The Joplin Globe reported on February 21 1937 that female impersonator Everett Stuart had recently died in Hollywood. Known as The Male Patti, Everett toured the US and Europe during a 50-year drag career.
Everett Stuart grew up in a small mining town in Kansas. And it seems, even in the 1870s, the residents of Galena coped with the teenage boy’s predilection for crossdressing. At 14, he attended the annual masked ball dressed as a female fashion model without any adverse comment. Most people already knew the kid from his job at the post office where he often received bouquets of flowers from female customers in recognition of his sterling service.
A local celebrity for his soprano voice, at the age of 16, he entered a talent quest in drag. (Pictured above right.) Everett never looked back. The Joplin Globe reported that from then on, “Young Stuart liked to don female attire to visit skating rinks and other places and pose as a girl, singing in his rich soprano voice.”
When he turned 17, The Galena Weekly Republican declared without further comment, “Everett Stuart is very much a lady.”
Everett joined a travelling show and left Galena at 18. The locals followed his career closely, and proudly. The following year, the Weekly Republican reprinted a glowing review a New Orleans paper gave ‘Our Everett’. The Mascot described him as a “wonderfully clever female impersonator.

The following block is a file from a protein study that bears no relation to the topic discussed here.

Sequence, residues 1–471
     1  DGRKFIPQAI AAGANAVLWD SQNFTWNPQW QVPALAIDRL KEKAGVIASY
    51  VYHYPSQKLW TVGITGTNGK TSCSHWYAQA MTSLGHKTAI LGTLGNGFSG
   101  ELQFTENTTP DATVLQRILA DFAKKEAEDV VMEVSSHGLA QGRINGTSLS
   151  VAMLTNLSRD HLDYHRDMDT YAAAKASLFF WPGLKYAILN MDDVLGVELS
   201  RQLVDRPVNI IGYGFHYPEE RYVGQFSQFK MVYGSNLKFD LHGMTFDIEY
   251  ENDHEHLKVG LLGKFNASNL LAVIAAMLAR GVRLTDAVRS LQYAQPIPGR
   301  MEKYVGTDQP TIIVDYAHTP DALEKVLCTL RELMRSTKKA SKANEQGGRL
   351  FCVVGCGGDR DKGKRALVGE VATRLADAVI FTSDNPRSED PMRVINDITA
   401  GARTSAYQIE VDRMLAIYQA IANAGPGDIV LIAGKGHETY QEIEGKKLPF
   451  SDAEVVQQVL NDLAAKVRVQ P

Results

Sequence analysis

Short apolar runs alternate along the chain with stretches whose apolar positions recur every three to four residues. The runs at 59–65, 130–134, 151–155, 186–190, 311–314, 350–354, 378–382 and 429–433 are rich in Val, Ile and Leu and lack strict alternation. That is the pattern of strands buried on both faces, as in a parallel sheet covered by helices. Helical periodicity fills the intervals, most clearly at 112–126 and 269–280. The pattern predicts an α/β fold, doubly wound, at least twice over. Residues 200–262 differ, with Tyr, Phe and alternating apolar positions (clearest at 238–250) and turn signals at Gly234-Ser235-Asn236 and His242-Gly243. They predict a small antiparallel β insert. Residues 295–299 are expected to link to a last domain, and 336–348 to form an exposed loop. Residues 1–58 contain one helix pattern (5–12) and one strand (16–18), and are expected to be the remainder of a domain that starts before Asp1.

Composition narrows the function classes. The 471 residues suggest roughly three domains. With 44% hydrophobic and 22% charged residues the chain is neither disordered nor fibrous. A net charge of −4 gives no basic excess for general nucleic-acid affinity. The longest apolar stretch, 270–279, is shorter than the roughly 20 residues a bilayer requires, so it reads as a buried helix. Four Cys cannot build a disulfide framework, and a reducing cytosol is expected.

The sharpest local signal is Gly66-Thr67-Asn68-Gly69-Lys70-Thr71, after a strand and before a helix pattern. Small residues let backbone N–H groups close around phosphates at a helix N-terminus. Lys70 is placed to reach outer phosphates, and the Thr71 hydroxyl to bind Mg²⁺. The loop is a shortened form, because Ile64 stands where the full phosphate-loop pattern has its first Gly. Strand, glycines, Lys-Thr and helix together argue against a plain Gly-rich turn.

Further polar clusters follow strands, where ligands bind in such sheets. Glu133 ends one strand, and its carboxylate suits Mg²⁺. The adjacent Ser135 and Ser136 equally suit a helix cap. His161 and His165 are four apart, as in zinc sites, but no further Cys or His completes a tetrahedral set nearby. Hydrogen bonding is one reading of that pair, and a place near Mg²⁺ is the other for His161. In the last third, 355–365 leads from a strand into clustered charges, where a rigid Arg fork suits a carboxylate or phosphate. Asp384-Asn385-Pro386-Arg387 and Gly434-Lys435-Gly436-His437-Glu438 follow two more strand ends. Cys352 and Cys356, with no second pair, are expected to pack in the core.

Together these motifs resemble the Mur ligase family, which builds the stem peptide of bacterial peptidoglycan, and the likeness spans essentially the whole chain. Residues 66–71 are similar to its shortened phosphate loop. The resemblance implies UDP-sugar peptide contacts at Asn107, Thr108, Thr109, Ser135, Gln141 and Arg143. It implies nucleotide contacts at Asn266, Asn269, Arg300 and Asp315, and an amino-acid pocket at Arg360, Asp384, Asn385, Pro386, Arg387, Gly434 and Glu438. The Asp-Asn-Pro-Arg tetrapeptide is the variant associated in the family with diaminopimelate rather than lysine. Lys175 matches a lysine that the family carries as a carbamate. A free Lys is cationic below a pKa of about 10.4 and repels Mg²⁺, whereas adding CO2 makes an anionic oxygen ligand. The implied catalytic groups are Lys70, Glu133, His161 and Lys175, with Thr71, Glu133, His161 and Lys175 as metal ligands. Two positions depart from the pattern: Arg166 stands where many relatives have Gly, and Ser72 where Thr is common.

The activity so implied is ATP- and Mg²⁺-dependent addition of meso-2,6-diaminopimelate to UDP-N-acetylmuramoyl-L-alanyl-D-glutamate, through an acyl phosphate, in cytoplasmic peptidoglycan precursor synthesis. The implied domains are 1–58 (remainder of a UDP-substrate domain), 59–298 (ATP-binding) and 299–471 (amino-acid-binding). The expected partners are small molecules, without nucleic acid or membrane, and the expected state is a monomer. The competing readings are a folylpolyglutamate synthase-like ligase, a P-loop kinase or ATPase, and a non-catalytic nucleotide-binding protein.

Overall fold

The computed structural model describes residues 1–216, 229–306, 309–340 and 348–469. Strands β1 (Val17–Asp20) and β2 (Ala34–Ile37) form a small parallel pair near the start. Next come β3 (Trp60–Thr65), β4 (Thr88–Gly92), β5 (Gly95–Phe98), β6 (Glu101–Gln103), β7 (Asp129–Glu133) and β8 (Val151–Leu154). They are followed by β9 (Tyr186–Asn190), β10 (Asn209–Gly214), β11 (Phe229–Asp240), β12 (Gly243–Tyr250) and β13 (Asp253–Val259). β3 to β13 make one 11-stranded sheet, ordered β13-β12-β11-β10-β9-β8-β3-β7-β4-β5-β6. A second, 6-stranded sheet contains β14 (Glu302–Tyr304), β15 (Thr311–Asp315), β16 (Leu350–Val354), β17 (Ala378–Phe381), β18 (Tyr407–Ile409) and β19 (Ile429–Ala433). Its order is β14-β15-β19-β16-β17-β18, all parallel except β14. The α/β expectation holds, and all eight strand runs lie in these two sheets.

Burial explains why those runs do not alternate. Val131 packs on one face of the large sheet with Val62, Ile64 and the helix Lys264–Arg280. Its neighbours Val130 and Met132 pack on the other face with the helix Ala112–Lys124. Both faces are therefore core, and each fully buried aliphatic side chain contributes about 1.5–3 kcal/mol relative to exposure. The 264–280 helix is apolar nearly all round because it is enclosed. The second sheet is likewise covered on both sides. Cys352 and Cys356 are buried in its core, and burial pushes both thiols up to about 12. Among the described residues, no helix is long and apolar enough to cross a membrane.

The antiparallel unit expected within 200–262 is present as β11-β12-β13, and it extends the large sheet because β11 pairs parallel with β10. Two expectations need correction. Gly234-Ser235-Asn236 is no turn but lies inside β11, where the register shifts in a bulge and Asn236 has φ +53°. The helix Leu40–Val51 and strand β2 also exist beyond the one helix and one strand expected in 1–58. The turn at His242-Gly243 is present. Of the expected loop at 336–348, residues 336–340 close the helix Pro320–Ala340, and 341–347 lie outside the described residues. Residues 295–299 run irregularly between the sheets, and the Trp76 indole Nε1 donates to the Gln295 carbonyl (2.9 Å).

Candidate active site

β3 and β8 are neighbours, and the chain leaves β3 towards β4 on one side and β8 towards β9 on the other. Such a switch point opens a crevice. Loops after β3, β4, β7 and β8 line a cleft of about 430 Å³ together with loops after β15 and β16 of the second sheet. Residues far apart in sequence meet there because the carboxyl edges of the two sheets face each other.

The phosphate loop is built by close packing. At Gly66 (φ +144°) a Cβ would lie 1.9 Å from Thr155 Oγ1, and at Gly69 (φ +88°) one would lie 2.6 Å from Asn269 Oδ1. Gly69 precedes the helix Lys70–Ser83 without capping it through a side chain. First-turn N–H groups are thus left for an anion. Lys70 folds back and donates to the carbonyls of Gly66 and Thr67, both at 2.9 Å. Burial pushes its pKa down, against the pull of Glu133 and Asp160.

“He has a natural soprano voice of most marvellous pitch. He holds his notes with remarkable clearness from beginning to end. His voice all through sounding so much like that of a Prima Donna, that detection [of his gender] is impossible.”
The Male Patti
Everett was christened The Male Patti for his impersonations of Adelina Patti, the most famous soprano of the age. But while well-paid, he never came close to Adelina who demanded $5,000 a night in gold, before she stepped onstage.
Everett eventually toured the continent and performed, as they say, for the crowned heads of Europe. He eventually opened a dress shop in Germany, to showcase his own designs. He traded on the repute of the beautiful gowns he wore onstage. But when war broke out, he had to leave all his stock behind and flee.
Everett moved home to the US and volunteered as an entertainer to help sell war bonds. However, after the war, it became harder to book engagements and he ended up working at a train station selling tickets.
Everett Stuart died a pauper in a Los Angeles hospital on January 5 1937.
But they still cherished his memory in Galena, Kansas.